Dear Simon and all,
The BBC report suggests that some women with obstetric fistula in rural areas are not seeking treatment because they believe that they will have their organs removed for trafficking and that they will die.
I asked whether similar rumours exist in other countries (and for other medical/surgical conditions) and "How might these rumours be better addressed?".
A further key question would be: "Where do these rumours come from? Why do they emerge and how are they spread?"
Simon, you draw attention to the role of the media in causing such myths and misperceptions. It would be interesting to unpick this, and to identify examples of different kinds of media (radio, newspapers, television) that disseminate 'fake news' relating to health. What are the drivers to such misreporting (one driver is surely the need to 'sell' news) and how can misleading journalism be countered?
The mass media has a lot to answer for, but it is clear that person-to-person spread of misinformation is also hugely important, whether by word-of-mouth or, increasingly, by social media such as WhatsApp. It would be interesting to know to what degree such misinformation derivees from the media, versus emerging from within the community itself and spreading person-to-person.
Misinformation from the mass media and misinformation spread person-to-person would be expected to be mutually reinforcing and produce a toxic mix, contributing to harmful health decisions and immeasurable suffering.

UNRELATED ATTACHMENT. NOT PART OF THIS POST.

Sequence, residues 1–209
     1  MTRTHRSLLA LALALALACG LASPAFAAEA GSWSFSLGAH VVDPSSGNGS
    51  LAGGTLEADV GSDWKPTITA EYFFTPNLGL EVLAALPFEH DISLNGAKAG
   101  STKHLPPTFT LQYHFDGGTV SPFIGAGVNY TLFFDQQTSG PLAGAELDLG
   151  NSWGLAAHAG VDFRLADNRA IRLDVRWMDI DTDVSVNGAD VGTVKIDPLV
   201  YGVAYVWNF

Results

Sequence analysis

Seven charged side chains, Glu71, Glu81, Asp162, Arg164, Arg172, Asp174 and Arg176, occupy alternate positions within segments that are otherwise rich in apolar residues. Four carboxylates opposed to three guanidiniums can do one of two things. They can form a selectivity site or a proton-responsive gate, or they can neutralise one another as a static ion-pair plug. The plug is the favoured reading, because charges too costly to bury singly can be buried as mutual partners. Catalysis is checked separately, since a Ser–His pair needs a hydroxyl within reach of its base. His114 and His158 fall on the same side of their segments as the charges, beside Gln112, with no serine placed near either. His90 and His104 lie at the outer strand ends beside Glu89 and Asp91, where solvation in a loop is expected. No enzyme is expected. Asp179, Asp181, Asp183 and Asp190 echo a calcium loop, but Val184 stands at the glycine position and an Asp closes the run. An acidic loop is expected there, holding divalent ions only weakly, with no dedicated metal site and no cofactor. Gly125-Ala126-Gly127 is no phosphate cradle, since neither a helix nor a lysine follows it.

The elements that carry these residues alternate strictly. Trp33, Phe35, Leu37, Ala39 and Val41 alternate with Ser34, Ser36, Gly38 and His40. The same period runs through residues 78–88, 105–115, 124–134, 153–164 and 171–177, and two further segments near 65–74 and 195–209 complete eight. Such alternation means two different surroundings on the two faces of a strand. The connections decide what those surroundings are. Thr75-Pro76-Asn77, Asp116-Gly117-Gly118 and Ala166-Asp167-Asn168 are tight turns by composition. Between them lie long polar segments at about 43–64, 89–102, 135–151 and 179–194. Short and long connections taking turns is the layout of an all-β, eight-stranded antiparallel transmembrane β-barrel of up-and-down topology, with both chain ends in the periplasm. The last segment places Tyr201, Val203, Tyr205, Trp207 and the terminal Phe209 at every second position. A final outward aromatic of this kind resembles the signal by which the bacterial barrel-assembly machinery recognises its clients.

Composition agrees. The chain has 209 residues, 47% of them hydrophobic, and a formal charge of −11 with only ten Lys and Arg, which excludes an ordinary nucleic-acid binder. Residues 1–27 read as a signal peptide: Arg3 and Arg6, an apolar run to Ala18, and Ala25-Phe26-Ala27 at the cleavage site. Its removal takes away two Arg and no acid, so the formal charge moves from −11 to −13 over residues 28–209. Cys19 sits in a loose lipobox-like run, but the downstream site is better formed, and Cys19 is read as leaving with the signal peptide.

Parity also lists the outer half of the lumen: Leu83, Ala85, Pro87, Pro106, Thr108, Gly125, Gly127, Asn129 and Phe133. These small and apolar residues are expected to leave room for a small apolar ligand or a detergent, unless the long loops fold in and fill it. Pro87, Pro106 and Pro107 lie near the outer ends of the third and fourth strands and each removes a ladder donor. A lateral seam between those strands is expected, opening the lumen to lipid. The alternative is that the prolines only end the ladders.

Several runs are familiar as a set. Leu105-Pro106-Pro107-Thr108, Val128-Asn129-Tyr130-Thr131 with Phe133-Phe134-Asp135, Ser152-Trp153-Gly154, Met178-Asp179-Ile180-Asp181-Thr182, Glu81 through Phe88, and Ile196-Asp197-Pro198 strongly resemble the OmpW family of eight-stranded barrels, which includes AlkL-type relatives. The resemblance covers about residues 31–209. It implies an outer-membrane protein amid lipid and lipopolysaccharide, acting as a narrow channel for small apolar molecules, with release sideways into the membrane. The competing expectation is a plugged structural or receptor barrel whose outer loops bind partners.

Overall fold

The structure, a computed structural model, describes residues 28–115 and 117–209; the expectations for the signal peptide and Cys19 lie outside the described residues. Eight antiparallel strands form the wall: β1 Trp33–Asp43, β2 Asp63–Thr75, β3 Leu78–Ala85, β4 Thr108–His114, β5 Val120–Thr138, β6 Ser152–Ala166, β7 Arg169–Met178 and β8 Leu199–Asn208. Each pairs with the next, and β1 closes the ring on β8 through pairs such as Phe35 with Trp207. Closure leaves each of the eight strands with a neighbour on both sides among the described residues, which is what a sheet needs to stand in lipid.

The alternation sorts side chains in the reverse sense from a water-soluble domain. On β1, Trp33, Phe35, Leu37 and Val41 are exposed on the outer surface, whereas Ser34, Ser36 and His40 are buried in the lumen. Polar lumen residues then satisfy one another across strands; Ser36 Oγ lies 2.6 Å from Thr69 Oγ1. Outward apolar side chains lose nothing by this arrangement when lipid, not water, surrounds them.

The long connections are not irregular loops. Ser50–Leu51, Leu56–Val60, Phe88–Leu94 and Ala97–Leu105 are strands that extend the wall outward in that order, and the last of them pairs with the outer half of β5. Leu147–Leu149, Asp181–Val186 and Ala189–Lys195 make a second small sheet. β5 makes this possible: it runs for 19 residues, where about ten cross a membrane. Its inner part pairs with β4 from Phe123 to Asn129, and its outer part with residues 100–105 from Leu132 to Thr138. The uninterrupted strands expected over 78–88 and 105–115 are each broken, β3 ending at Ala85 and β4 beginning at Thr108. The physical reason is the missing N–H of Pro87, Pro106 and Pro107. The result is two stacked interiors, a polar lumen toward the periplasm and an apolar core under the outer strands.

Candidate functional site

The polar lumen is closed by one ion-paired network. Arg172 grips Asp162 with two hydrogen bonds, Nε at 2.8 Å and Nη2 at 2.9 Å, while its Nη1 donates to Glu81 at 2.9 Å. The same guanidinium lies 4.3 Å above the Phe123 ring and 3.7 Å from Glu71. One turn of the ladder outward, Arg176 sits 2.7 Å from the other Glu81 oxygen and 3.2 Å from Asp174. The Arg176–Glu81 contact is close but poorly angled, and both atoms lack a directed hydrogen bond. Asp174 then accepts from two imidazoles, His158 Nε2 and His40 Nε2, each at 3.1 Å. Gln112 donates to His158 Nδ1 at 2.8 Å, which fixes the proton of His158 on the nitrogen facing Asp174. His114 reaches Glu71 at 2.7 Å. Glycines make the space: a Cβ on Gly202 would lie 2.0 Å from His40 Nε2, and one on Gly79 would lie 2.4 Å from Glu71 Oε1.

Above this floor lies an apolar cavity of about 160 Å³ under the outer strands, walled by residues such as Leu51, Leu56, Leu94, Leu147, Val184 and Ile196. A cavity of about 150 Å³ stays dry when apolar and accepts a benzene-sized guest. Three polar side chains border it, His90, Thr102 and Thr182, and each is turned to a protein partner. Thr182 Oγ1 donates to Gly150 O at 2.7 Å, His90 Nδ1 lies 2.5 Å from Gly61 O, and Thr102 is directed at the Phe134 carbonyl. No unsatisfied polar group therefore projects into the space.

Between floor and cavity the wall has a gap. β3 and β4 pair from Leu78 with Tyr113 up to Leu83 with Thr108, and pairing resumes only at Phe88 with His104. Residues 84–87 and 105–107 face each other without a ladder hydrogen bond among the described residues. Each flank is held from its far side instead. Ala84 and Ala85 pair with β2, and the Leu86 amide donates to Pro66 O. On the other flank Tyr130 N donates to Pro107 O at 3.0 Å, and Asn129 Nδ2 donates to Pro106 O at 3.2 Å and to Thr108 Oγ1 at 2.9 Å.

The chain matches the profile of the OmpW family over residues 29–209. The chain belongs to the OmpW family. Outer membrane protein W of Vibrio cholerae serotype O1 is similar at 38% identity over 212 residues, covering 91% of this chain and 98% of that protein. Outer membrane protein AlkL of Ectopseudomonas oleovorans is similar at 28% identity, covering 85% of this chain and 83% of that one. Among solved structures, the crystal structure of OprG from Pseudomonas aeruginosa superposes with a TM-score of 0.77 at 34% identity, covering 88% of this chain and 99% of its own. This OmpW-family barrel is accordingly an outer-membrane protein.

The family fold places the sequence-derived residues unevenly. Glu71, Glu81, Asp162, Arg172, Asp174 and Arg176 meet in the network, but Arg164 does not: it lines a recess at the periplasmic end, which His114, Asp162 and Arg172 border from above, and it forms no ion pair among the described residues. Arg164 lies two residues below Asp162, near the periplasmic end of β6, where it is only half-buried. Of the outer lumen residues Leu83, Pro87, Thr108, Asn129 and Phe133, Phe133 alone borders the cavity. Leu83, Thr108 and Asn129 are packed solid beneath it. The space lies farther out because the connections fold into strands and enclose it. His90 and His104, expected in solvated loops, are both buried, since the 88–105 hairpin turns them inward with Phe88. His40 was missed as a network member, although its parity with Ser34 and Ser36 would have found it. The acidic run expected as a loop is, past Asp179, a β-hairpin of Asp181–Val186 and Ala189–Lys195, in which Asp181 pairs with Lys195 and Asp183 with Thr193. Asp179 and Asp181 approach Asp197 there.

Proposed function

It is a paradox that the more people are connected, the more vulnerable they are to misinformation. Those with low health literacy are especially vulnerable.
Governments have an obligation under international human rights law to protect their population from health misinformation. I would be interested to know of any examples where governments have taken measures to reduce health misinformation on mass media or social media channels.
Best wishes, Neil
Coordinator, HIFA Project on Information for Citizens, Parents and Children:
Let's build a future where people are no longer dying for lack of healthcare information - Join HIFA: www.hifa.org
HIFA profile: Neil Pakenham-Walsh is coordinator of the HIFA global health campaign (Healthcare Information For All - www.hifa.org ), a global community with more than 19,000 members in 177 countries, interacting on six global forums in four languages. Twitter: @hifa_org FB: facebook.com/HIFAdotORG firstname.lastname@example.org